"The aim of totalitarian education has never been to instill convictions but to destroy the capacity to form any."

  • Hannah Arendt

Any system of rule in human history is intent on displaying itself as eternal and unquestionable. Forces that are in contradiction with it are therefore condemned in the strongest possible terms, their ideas outlawed, any memory of them wiped out.

Yet our world is shaped by the conflict between opposing forces. Throughout the ages such conflict has been described in different terms by different people: as a struggle between light and darkness, good and evil, slaves and masters. Zarathustra, Lao Tse, Hegel, priests, philosophers and revolutionaries have all described aspects of this dialectic.

History books would have us believe that human civilization has developed in a linear fashion, that the development of agriculture, cities, money, markets, art and religion all inevitably led to the institutionalized power of a few over the many – in other words, the state. This is a narrative that has little to do with historical facts and everything with legitimizing contemporary authority. We know today that cities, trade, science and technology all existed long before the first states and empires, and have continued to exist outside of their control. This civilization of free societies has been in conflict with the forces of central coercive authority ever since. Its morals and politics are democratic, in the sense that they are rooted in cooperation, mutual agreement and a positive vision of the future.

To be ignorant of this reality means to consign oneself to the absolute and eternal reality of the hegemonic state civilization. Education can be a means to manifest the contemporary myth of power, by actively spreading or passively acknowledging it, or it can be a means to question its totality and eternity by uncovering the legacy of the free and beautiful ways of life in the past and present.

In the age of modernity state civilization has become a global system affecting almost every human on earth. Dystopian science-fiction has with prophetic imagination painted a realistic picture of the future that this system is moving towards: one in which life on earth is almost wiped out and the surviving humans are constantly fighting for their mere existence, hunted down, killed or enslaved by machines of their own making.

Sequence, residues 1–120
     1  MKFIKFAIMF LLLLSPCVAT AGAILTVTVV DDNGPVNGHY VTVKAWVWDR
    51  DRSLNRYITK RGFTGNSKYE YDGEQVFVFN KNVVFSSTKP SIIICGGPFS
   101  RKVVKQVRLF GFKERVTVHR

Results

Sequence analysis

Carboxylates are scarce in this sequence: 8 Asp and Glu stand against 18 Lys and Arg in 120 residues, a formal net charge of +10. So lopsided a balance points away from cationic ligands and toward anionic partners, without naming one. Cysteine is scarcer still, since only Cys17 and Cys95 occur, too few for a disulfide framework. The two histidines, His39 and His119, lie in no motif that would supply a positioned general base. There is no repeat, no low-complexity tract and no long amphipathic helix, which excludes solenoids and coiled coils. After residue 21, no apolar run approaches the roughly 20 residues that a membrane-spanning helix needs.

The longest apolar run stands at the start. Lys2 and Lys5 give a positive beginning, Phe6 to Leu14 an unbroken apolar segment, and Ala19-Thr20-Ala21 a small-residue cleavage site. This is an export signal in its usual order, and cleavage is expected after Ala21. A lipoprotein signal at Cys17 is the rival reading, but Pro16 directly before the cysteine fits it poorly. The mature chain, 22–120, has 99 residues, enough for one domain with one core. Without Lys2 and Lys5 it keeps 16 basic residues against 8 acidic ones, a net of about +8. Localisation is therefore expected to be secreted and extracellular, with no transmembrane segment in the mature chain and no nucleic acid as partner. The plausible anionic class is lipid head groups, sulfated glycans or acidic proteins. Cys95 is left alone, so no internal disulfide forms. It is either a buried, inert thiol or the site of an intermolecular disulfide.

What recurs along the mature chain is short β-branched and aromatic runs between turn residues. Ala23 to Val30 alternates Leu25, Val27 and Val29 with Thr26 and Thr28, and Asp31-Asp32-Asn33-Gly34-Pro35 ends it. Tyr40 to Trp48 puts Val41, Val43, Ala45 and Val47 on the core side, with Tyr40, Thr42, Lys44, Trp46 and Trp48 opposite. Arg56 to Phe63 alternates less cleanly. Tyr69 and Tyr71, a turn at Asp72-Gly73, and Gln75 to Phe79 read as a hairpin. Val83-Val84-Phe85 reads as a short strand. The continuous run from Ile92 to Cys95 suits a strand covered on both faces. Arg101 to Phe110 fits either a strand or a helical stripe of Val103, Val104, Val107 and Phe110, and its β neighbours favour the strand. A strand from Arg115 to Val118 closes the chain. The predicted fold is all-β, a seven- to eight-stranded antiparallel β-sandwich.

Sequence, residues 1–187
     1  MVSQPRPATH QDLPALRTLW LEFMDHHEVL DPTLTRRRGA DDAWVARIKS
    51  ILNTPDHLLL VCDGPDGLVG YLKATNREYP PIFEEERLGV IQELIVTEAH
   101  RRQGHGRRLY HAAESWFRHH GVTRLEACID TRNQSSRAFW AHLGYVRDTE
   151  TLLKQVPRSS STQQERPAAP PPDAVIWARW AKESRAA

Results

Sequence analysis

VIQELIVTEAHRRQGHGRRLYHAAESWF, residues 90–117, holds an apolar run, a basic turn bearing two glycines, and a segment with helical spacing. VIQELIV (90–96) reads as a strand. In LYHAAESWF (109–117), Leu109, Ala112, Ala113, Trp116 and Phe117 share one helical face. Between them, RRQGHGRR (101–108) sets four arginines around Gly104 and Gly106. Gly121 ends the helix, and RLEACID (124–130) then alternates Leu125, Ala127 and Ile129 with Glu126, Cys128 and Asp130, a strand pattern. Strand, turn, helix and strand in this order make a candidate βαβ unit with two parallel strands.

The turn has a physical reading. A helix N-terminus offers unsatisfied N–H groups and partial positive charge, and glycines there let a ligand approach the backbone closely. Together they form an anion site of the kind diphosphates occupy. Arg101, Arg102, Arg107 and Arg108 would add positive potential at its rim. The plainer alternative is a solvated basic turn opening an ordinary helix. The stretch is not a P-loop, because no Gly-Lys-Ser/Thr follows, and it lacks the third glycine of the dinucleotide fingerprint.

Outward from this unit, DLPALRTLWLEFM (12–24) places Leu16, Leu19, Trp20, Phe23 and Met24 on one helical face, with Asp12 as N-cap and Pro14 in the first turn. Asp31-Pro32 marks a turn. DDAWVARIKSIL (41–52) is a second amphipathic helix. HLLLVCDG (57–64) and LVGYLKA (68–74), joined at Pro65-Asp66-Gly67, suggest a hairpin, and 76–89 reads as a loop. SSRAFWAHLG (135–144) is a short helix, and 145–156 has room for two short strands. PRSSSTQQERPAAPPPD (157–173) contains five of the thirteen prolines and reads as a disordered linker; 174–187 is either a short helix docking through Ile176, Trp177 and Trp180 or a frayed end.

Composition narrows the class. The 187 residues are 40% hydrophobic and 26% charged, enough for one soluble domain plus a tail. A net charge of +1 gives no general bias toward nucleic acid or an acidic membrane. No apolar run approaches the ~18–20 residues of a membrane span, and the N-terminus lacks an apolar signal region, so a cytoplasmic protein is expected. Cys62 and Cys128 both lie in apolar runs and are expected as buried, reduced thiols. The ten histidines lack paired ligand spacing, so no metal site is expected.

This is no certain fate. The intellectuals who would have us believe in such inevitability, building their arguments on supposed biological, economic and psychological facts, have merely appropriated the religious dogma of fatalism and given it a modern, scientific veneer. Its purpose, as it always has been, is to keep people complacent, hopeless and dumb, will-less tools to be formed and wielded at will by the ruling power.

The fact remains that for all its effort and brutality, state civilization has become neither universal nor without alternatives. The legacy of free society has endured in a myriad of forms. It remains strong in the periphery, in ferns and forests, deserts and steppes, on remote islands and high mountains. And it holds sway in the centers, the eternal suburbs and high-rise megacities, from the lowliest women forming secret clubs to fight off rapists and educate their children, to the high-level government employee leaking information about the state's war crimes and surveillance programs to the public.

The reason that state civilization remains hegemonic and seemingly without alternative is that it has developed a global system of institutions that back its power materially and ideologically, whereas its democratic counterpart is in a disarray of a thousand disconnected fragments, lacking unity and direction.

The revolutionary mission of the 21st century is to reclaim our societies’ moral and political legacy, to unite the forces fighting for freedom and justice, and usher in the new age of democratic modernity. The academy is one of many efforts to achieve that.